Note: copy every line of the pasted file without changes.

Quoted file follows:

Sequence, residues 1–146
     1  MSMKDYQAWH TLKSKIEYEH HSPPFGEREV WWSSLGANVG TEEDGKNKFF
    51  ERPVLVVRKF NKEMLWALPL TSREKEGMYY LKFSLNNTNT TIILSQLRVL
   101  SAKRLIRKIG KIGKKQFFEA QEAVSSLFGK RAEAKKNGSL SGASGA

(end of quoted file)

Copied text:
Sequence, residues 1–146
     1  MSMKDYQAWH TLKSKIEYEH HSPPFGEREV WWSSLGANVG TEEDGKNKFF
    51  ERPVLVVRKF NKEMLWALPL TSREKEGMYY LKFSLNNTNT TIILSQLRVL
   101  SAKRLIRKIG KIGKKQFFEA QEAVSSLFGK RAEAKKNGSL SGASGA